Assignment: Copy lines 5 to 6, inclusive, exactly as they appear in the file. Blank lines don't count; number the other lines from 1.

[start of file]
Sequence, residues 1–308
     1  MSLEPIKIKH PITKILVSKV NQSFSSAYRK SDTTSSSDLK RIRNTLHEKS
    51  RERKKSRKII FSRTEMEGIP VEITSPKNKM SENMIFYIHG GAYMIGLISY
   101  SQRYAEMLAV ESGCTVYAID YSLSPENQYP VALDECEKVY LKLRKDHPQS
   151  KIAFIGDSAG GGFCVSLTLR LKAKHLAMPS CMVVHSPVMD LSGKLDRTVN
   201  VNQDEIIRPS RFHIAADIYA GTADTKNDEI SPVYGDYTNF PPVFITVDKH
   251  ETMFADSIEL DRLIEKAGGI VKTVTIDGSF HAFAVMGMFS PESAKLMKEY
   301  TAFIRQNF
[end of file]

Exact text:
   151  KIAFIGDSAG GGFCVSLTLR LKAKHLAMPS CMVVHSPVMD LSGKLDRTVN
   201  VNQDEIIRPS RFHIAADIYA GTADTKNDEI SPVYGDYTNF PPVFITVDKH